[7] Report from the Expert Group on Liability and New Technologies – New Technologies Formation, European Commission, Justice for Consumers (2019) https://ec.europa.eu/newsroom/dae/document.cfm?doc_id=63199 accessed 5 December 2019

[8] The Proposal for a Regulation of the European Parliament and of the Council establishing the space programme of the Union and the European Union Agency for the Space Programme and repealing Regulations (EU) No 912/2010, (EU) No 1285/2013, (EU) No 377/2014 and Decision 541/2014/EU

[9] European Commission, Brussels, Space Strategy for Europe, 26.10.2016, COM(2016) 705 final, Communication from the Commission to the European Parliament, the Council, the European Economic and Social Committee and the Committee of the Regions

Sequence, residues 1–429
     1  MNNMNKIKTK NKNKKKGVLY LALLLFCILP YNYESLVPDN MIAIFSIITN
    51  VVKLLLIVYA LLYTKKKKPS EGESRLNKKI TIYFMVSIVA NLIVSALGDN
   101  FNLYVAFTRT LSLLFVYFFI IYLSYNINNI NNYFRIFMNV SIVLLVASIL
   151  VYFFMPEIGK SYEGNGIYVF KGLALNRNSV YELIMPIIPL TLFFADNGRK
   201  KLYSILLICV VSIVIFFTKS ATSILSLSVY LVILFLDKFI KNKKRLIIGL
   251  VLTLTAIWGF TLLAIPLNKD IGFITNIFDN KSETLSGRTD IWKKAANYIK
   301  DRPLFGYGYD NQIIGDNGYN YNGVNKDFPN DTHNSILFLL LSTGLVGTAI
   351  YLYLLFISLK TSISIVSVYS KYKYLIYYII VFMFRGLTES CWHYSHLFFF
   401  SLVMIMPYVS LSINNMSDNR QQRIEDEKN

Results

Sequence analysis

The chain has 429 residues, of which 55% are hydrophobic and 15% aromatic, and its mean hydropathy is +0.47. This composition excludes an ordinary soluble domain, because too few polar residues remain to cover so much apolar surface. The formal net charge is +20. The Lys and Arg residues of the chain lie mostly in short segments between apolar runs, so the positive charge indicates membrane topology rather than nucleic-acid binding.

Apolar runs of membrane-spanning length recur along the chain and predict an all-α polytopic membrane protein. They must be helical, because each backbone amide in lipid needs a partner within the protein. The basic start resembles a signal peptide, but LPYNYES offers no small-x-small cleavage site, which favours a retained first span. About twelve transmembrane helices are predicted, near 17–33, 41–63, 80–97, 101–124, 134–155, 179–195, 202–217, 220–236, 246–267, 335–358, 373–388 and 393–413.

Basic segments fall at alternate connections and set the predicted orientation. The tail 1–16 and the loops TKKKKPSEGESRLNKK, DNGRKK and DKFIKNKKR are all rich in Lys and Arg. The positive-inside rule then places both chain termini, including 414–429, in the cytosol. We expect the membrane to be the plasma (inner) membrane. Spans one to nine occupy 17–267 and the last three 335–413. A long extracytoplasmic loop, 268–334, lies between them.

[10] Report from the Expert Group on Liability and New Technologies – New Technologies Formation, European Commission, Justice for Consumers (2019) https://ec.europa.eu/newsroom/dae/document.cfm?doc_id=63199 accessed 5 December 2019

[11] Assigning Liability for Damages to Artificial Intelligent Systems Used for Autism Therapy. A European Approach, Bratu, Linden, https://www.researchgate.net/publication/340004024_Assigning_Liability_for_Damages_to_Artificial_Intelligent_Systems_Used_for_Autism_Therapy_A_European_Approach/citation/download

[12] The term is used in the report of Civil Law Rules on Robotics issued by the European Committee on Legal Affairs

[13] Opinion of the Data Ethics Commission, Articles 60 and 63

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VU Faculty of Law